European Directive:

A European Directive 2008/96/EC of the European Parliament and of the council on road infrastructure safety management was issued in 2008 and represents a legal basis for Road Safety Inspections (RSI) in the European Union. All members of the Trans European Network (TERN) must introduce the European Communities (Road Infrastructure Safety Management) Regulations requiring Governments and Road Authorities to carry put periodical road safety audits and safety inspections which include the retroreflective properties of road markings.

From a combination of the above legislative and also technical requirements for OECD countries to maintain minimum retroreflective standards for road safety and sustainability in Europe and USA, the Road Marking Evaluation and Management Industry need to carry out extensive and currently very expensive Road Safety Inspections and surveys for road lines/markings.

These standards are also been adapted by other countries worldwide. The momentum is moving in the direction of countries that enforce the legislation and not relaxing the standards. There is a worldwide drive to reduce car crashes, injuries and car related fatalities because of the substantial socio-economic impact these have on countries.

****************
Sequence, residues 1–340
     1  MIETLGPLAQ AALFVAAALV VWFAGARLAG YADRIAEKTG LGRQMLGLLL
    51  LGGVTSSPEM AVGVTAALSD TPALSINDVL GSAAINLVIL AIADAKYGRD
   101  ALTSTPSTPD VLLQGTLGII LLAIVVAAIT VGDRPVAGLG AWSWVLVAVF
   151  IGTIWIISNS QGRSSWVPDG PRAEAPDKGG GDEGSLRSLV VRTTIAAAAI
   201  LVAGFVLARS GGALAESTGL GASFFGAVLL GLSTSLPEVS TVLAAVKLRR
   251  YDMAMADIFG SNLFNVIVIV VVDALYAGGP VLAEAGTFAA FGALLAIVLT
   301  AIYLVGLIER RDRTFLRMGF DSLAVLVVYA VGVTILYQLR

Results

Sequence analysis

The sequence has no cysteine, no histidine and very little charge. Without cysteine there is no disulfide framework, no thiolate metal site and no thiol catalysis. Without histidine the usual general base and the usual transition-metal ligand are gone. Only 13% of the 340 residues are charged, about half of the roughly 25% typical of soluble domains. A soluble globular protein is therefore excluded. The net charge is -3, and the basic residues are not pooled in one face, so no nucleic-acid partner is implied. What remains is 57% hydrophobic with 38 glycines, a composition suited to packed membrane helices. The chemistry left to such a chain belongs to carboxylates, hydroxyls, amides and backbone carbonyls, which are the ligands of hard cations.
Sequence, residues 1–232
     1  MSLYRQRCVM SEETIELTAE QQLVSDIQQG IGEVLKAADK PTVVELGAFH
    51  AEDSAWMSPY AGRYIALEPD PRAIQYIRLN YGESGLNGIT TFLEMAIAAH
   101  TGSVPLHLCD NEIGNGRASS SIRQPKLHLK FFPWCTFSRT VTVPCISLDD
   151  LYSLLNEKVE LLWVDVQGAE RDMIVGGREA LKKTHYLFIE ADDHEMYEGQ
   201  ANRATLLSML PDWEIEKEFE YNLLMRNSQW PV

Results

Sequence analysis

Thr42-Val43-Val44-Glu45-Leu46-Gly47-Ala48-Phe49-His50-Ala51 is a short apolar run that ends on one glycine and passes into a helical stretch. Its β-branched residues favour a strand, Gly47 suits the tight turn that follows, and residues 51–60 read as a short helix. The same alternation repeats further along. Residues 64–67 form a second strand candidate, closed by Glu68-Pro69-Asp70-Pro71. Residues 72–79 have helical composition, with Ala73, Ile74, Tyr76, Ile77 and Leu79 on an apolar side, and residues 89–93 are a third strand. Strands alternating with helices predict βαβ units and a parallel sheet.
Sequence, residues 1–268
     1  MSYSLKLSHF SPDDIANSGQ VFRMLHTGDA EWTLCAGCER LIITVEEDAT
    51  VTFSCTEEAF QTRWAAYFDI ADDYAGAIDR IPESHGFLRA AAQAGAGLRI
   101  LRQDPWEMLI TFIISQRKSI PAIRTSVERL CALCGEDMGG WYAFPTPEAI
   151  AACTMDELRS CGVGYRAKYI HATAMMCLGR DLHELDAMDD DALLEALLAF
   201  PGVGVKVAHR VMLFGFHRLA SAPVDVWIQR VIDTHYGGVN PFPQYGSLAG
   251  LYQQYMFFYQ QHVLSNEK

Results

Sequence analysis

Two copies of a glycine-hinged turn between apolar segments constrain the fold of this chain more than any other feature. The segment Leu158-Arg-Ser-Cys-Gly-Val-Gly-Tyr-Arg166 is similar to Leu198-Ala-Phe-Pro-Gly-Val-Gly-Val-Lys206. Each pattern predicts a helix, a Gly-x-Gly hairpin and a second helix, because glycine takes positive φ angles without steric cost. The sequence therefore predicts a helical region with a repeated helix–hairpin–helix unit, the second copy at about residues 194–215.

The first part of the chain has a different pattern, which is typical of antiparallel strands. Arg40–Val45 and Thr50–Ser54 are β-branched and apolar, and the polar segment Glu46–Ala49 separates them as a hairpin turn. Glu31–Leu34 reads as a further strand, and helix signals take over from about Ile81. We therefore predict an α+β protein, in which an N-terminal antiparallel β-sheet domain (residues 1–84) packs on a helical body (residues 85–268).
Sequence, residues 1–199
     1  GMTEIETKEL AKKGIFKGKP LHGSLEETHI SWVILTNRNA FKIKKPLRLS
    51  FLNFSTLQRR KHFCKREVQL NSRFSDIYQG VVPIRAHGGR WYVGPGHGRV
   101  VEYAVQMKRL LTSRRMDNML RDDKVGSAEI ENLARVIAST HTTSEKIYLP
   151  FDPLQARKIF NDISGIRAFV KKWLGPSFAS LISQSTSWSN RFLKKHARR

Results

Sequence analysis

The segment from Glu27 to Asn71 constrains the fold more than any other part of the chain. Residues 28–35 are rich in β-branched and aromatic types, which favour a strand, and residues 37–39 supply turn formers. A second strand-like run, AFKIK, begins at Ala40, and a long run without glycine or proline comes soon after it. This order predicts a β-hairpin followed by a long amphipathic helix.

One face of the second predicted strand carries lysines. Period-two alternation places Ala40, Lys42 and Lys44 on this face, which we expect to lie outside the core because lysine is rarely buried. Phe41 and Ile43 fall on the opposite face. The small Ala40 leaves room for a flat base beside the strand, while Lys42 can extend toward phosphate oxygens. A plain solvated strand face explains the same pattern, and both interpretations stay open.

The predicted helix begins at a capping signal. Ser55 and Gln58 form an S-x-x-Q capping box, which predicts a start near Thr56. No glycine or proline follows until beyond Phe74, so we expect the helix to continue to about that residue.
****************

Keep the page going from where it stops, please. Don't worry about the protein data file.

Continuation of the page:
USA:

The Manual on Uniform Traffic Control Devices (MUTCD) is a document issued by the Federal Highway Administration (FHWA) of the United States Department of Transportation (USDOT) to specify the standards by which traffic signs, road surface markings, and signals are designed, installed, and used. Pavement markings are an accepted method to communicate both the intended travel path and roadway alignment for drivers during day and nighttime conditions. To ensure consistent application of pavement markings, their characteristics and warranting criteria are described in the Manual on Uniform Traffic Control Devices (MUTCD).

MUTCD Section 3A.03

MUTCD Section 3A.03 requires agencies to use a method designed to maintain longitudinal pavement markings to a minimum level of retroreflectivity. The Federal Highway Administration (FHWA) believes that this change will promote safety while providing sufficient flexibility for agencies to choose a maintenance method that best matches their specific conditions.
Read current version HERE.

The Federal Highway Administration (FHWA) are currently waiting on a final rulemaking from congress expected during 2015 in relation to setting US minimum retroreflectivity standards for road markings on all public roadways.
Read the MUTCD final proposal for these new minimum retroreflectivity standards HERE.